Though little is left of the Japanese influence in Hoi An, the Japanese Covered Bridge is often considered one of the ‘must-see’ spots in the city. Intricately designed in medieval Japanese style, the bridge was built to unite the Japanese and Chinese sides of the city. It is symbolic not only of the cultural influences at play in the city but the unity that residents found regardless of their ethnicity and heritage.
The Lantern Market
I never saw Hoi An in the dark. At night, you can hardly see the sky’s inky black through the lights that glow throughout the streets. Though they dangle from every other shop front and are draped over city streets, there is one place that you can go specifically to take in the Chinese-style silk lanterns that have become synonymous with Hoi An. The night markets are always full of people and full of life, you can wander around to find Chinese style goods and some of the best street snacks in town.
Though the market is typically touristy and busy, which if you’ve read much of this blog you’ll realise is my worst nightmare, its worth visiting to experience it once you arrive. Generally, these crowds move on to the relatively very expensive riverside restaurants, or to the western-style bars pumping loud 00s club music throughout the night. If you’re looking for a spot to have a drink with friends, I’d recommend walking further down the river, beyond where the main club scene is. There are some good bars away from the main tourist centre, with far cheaper drinks and far fewer 18-year-old English kids ‘finding themselves’ at the bottom of a vodka bottle. I’m all for a party, but that’s just not really my scene.
You can also take a lantern-lit boat ride under Hoi An’s historic bridges. It’s touristy and overpriced, but if you fancy it anyway just look in the vague direction of a boat and a whole lot of vendors will offer you a ride.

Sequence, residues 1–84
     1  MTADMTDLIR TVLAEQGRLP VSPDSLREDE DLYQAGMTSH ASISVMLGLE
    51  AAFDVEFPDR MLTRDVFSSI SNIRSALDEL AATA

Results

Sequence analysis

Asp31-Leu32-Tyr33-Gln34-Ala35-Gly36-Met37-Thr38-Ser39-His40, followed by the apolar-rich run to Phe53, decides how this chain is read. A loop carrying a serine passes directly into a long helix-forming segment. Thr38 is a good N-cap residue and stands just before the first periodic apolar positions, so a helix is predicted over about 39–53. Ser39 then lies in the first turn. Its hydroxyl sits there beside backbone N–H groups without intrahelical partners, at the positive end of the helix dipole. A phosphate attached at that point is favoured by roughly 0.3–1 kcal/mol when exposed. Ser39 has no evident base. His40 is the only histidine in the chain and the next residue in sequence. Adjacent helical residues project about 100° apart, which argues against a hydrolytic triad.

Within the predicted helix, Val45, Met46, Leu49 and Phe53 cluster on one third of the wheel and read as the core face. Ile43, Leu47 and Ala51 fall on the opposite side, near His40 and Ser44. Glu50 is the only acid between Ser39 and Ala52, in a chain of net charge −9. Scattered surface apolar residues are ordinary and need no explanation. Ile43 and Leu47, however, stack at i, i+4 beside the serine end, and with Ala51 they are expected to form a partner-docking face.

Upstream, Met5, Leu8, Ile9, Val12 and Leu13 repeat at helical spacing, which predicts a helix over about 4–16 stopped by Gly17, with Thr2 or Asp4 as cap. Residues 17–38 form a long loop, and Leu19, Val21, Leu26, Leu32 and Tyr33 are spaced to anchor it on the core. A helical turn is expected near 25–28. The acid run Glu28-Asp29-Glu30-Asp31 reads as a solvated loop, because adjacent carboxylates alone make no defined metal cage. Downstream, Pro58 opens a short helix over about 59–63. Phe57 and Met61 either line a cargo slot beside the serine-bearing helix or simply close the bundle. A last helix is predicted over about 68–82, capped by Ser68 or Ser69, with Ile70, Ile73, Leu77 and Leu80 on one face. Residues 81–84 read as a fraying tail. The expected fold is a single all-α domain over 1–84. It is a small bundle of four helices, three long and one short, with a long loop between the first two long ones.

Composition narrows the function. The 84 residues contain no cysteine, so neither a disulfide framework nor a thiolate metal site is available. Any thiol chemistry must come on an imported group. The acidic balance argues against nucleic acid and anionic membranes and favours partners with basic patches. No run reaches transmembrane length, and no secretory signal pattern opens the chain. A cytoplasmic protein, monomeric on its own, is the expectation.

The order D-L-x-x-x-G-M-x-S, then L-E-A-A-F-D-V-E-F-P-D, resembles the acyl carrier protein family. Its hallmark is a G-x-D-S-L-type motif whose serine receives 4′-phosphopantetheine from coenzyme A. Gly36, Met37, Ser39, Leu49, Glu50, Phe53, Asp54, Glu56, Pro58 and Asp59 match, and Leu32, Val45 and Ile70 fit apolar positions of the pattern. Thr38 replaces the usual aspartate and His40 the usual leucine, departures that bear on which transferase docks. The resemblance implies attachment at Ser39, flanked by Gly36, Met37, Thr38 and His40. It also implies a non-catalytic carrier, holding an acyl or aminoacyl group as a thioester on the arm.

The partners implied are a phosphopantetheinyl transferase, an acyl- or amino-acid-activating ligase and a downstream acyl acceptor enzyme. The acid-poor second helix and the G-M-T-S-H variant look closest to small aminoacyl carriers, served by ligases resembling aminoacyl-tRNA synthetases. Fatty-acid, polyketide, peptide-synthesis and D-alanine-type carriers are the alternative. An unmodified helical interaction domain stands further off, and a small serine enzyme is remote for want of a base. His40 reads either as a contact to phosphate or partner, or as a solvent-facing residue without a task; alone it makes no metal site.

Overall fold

The food market in Hoi An was one of my favourites I visited in Vietnam. It’s quintessentially Vietnamese; women in conical hats lay out piles of the freshest herbs and spices. Piles of pineapples teeter precariously over vegetable stands, and girls sit together and gossip as they butcher meat or sort fish in the back of the market. It’s lively and local and the best place to pick up some affordable fresh produce. One of my favourite parts of metropolitan life in Vietnam is the markets. They offer an escape from the smoggy streets and the crowded attractions, and an opportunity to talk to the people working in the market. It can be a tough country to make local connections in, and chatting to vendors is one of the best chances you get to practice a touch of Vietnamese (or if you’re me, entertain people with your total mispronunciation of most words).
Hoi An is a beautiful and historic city, and if you’re travelling in central Vietnam it is one of the highlights of the region. That being said, as I’ve outlined in pretty much everything I’ve ever written about Vietnam, prepare yourself for a suffocating volume of tourists. Hoi An gets the holiday-makers, the amateur backpackers, and seasoned travellers. It’s exactly that beauty and history that draws in the crowd, and makes it one of the most interesting cities in South East Asia, but don’t be fooled by the carefully crafted instagram shots. Stick to early mornings and late afternoons, avoid the overpriced restaurants in the heart of the old city, and wander out to the suburbs if you ever hope to meet some local friends.
There are lots of things to do in the countryside around Hoi An, and you can find a guide to the best day tours from the city here.